What about the case where I accept the receipt (to remove it from my inbox) and then a malicious server runs the cheque through, a second time? This is not possible, because by then it's already too late: my latest balance agreement (that I signed when I cleared the cheque receipt out of the inbox) includes a list of transaction numbers that I'm currently responsible for, and cheque #45 no longer appears on that list. I already have the server's signature on the lastest receipt showing the updated list of numbers. Thus I'm not responsible for #45, or for any other transactions besides the legitimate ones listed on that receipt, that I previously signed for.
Unless the malicious server can somehow come up with a newer receipt showing differently, with my signature on it, then I'd win the dispute.
To me the amazing part of all this isn't that the balances are proved, or that signed instruments can be authorized and de-authorized. The amazing part, rather, is that it is done while simultaneously eliminating any need to store the account history, or even an "account" at all, other than the receipt itself! Wallet software only needs to store the latest receipt, and the winner in any dispute is the one with the newest receipt.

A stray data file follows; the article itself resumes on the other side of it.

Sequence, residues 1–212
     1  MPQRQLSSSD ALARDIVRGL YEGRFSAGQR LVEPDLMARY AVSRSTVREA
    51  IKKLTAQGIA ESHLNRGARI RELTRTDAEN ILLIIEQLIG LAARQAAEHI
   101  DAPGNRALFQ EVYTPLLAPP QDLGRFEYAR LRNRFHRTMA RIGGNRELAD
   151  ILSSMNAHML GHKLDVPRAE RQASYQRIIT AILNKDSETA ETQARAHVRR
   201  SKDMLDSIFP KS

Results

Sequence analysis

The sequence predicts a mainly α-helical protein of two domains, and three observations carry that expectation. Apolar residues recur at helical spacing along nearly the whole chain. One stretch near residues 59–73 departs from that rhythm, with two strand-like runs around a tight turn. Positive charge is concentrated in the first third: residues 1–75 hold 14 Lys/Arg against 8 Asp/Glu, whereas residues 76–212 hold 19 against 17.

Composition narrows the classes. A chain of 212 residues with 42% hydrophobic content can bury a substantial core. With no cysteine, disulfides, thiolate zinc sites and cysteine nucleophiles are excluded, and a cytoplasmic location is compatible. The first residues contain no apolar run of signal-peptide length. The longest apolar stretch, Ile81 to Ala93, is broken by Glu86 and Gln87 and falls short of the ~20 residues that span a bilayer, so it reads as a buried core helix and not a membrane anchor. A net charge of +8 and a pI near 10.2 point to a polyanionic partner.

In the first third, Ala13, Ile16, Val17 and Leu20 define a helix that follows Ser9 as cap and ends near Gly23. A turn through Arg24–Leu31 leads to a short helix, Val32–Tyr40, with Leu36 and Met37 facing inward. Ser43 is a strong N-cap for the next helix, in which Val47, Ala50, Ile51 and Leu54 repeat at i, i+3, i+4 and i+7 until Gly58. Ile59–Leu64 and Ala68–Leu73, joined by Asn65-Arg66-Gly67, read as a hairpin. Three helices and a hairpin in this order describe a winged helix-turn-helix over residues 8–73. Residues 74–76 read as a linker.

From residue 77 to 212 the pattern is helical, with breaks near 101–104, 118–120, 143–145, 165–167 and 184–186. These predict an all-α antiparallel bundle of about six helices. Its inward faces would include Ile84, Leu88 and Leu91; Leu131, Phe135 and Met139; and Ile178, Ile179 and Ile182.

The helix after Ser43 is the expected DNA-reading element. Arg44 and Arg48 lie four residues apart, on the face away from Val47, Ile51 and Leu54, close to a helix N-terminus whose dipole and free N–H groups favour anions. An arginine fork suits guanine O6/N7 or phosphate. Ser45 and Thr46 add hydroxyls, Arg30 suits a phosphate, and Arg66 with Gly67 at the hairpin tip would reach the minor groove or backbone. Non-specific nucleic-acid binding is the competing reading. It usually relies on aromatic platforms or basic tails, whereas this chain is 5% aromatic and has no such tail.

Because all parties must sign off on any transaction, and because receipts are provided in all directions, the layers of proof are pretty comprehensive. For example, take a look at the receipts received by all parties during an account-to-account transfer:
-- Alice gets the server’s signature on her transfer request (whether it is accepted or rejected, she still gets a signed receipt.)
-- She gets Bob’s signature (in her inbox) accepting her transfer when he processes his own inbox.
-- She also gets the server’s signature on that when it happens.
-- She’ll also get the server’s signature on an agreement of balance at the same time.
-- Bob gets Alice’s signature sending the original transfer, which appears in his inbox. - He also has the server’s signature on that
-- Then, when he accepts her transfer, he will get a signed receipt from the server when his balance is updated.
-- He will also have a signed balance agreement from the server at this time.
-- The server gets Alice’s signature on the transfer request.
-- The server gets Bob’s signature accepting Alice’s transfer.